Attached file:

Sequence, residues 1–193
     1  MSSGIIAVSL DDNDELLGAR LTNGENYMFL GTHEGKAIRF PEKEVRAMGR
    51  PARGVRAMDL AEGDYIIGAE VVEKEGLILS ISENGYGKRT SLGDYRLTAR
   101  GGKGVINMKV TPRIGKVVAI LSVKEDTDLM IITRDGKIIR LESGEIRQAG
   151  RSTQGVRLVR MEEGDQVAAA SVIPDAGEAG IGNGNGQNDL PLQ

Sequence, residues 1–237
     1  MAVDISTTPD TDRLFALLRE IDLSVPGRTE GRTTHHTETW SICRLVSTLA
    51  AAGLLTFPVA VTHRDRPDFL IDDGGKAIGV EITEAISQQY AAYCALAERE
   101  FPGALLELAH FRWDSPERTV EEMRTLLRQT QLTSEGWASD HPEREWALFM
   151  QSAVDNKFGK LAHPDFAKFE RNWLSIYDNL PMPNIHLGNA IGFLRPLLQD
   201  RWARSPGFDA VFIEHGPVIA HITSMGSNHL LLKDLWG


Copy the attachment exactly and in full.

Sequence, residues 1–193
     1  MSSGIIAVSL DDNDELLGAR LTNGENYMFL GTHEGKAIRF PEKEVRAMGR
    51  PARGVRAMDL AEGDYIIGAE VVEKEGLILS ISENGYGKRT SLGDYRLTAR
   101  GGKGVINMKV TPRIGKVVAI LSVKEDTDLM IITRDGKIIR LESGEIRQAG
   151  RSTQGVRLVR MEEGDQVAAA SVIPDAGEAG IGNGNGQNDL PLQ

Sequence, residues 1–237
     1  MAVDISTTPD TDRLFALLRE IDLSVPGRTE GRTTHHTETW SICRLVSTLA
    51  AAGLLTFPVA VTHRDRPDFL IDDGGKAIGV EITEAISQQY AAYCALAERE
   101  FPGALLELAH FRWDSPERTV EEMRTLLRQT QLTSEGWASD HPEREWALFM
   151  QSAVDNKFGK LAHPDFAKFE RNWLSIYDNL PMPNIHLGNA IGFLRPLLQD
   201  RWARSPGFDA VFIEHGPVIA HITSMGSNHL LLKDLWG